I would agree that we don’t have to know 4000 characters equally well, but the rarer ones do pop up more often than we think. I had a look at a frequency list of Hanzi (http://tinyurl.com/2bz83gy), separated into 2500 common and 1000 less common ones (http://preview.tinyurl.com/2a3xweu). These lists are never 100% accurate but they provide some guidance. I am far from knowing the majority of the less common ones (the second link) if see them isolated without context, but just from sampling them I have to confess that many of them do occur in normal contexts.
since you claim to know 4000 characters, do you really instantly know most of these characters in the less-common-list (the second link)? How did you count the amount of characters you know?
I do not know how I came up with the 4,000 characters. It was 42 years ago that I finished my studies. It is easier to recognize characters in context for sure.
So would you say today you still know 4000 characters? I am not asking to attack you or anything, I am really interested because as you know I am working vey hard myself at mastering Chinese.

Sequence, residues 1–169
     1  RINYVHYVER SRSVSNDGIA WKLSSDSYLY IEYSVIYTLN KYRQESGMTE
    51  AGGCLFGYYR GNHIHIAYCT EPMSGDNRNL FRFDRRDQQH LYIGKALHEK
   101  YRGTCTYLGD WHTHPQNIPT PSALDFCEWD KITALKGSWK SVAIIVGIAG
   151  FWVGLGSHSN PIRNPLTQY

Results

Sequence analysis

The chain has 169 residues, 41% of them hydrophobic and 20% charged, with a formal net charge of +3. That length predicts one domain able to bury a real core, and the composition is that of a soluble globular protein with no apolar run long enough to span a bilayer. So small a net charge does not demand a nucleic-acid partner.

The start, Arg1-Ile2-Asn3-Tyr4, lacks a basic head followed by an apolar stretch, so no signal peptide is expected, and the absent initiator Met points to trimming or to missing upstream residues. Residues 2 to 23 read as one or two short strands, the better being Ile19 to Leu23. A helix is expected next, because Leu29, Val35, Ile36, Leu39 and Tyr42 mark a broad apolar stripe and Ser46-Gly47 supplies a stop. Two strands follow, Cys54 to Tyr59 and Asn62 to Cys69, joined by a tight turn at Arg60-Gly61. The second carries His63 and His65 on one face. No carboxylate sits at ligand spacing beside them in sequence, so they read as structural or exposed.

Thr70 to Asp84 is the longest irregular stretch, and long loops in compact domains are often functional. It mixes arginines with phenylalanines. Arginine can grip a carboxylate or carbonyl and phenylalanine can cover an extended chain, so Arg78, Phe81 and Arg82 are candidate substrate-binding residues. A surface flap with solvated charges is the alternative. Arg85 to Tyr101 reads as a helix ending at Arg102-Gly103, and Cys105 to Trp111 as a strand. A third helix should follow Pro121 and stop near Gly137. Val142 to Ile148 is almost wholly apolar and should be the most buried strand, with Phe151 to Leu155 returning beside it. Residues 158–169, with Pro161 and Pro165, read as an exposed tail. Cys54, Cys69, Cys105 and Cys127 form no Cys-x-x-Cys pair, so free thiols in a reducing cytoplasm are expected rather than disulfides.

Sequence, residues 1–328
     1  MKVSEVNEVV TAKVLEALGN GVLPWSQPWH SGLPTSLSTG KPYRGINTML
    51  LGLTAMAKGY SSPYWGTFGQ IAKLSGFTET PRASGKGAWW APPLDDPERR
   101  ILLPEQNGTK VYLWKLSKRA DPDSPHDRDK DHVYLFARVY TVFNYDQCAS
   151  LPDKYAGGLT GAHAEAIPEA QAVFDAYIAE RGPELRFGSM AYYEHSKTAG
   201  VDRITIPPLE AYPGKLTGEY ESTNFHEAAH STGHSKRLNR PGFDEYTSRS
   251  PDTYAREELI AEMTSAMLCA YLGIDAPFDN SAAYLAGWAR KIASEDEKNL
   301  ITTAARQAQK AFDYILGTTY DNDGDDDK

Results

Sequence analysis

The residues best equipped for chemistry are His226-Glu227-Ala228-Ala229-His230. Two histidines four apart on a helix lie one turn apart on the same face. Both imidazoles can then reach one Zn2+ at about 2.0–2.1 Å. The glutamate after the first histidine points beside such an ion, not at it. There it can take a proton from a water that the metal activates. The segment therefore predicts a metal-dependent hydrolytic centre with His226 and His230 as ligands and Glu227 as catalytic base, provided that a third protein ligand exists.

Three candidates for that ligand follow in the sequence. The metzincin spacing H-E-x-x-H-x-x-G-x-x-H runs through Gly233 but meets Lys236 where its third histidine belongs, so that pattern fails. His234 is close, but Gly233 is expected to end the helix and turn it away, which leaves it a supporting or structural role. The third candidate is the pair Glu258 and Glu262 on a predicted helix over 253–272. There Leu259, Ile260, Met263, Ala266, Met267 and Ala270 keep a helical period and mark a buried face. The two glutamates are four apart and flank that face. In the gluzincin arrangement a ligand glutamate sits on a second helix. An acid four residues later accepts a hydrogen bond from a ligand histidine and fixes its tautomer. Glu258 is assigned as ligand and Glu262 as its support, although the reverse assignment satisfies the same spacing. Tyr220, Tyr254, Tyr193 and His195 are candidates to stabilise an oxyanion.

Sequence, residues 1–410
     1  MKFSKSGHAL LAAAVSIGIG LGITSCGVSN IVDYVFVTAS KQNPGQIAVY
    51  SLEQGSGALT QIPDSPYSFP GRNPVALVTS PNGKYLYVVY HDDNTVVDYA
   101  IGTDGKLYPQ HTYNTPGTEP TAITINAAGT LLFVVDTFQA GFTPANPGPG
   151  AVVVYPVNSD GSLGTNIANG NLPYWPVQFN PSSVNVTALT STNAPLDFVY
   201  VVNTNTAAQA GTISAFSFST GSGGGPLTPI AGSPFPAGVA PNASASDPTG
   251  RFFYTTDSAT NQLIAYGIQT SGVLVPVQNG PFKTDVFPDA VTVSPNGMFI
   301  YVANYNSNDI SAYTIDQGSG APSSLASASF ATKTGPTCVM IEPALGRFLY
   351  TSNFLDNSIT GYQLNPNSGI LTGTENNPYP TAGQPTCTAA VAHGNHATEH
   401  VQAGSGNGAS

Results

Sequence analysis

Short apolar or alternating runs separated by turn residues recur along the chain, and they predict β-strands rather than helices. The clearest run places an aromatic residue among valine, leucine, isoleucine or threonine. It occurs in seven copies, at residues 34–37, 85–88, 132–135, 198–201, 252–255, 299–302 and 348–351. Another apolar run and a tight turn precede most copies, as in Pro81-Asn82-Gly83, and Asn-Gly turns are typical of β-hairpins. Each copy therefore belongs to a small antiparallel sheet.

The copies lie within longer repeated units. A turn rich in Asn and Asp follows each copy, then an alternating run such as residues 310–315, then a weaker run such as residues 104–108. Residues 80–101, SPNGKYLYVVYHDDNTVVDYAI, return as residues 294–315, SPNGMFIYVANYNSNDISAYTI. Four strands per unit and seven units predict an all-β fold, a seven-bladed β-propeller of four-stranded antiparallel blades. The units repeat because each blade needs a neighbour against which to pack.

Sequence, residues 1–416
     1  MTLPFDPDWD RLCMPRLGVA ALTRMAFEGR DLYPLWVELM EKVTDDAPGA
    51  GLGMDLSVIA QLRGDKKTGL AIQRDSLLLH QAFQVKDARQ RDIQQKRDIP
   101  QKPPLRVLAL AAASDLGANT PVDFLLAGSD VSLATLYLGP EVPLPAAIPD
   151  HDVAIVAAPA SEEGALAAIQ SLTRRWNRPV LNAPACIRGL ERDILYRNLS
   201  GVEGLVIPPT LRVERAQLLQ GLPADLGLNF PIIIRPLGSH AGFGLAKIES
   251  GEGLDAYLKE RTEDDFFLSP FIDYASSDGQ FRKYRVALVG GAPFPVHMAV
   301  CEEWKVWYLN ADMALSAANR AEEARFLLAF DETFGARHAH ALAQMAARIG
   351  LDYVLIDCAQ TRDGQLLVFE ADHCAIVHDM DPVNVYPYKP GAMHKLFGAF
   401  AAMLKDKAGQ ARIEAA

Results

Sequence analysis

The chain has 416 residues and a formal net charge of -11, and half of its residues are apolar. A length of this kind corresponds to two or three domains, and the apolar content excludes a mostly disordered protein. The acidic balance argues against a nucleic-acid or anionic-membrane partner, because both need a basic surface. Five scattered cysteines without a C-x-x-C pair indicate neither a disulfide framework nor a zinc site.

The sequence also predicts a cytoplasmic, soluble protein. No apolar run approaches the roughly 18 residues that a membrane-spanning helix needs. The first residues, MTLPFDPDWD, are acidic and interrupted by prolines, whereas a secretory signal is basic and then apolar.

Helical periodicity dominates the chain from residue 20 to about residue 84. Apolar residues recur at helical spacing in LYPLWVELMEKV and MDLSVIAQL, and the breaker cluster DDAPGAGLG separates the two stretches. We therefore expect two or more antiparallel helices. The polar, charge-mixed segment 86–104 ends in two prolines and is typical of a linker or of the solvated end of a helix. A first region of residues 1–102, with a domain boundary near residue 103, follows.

Knowing a character is of course somewhat fuzzy concept but from sampling hanzi frequency lists I would assume that my “knowledge” is closer to 2000 hanzi or so. Almost everything I read I do in front of a computer so I can use dictionaries. Reading a physical book I don’t think I would enjoy too much due to the hanzi I do not know or do not remember.
Again, I don’t want to pick a fight (we are not discussing politics here), but based on my own experience I find 4000 to be a remarkable achievement and almost a bit difficult to believe. But maybe you have good advice that I havn’t come across yet on how to speed up character acquisition. I guess handwriting skills help a lot but I really don’t have time to delve into that.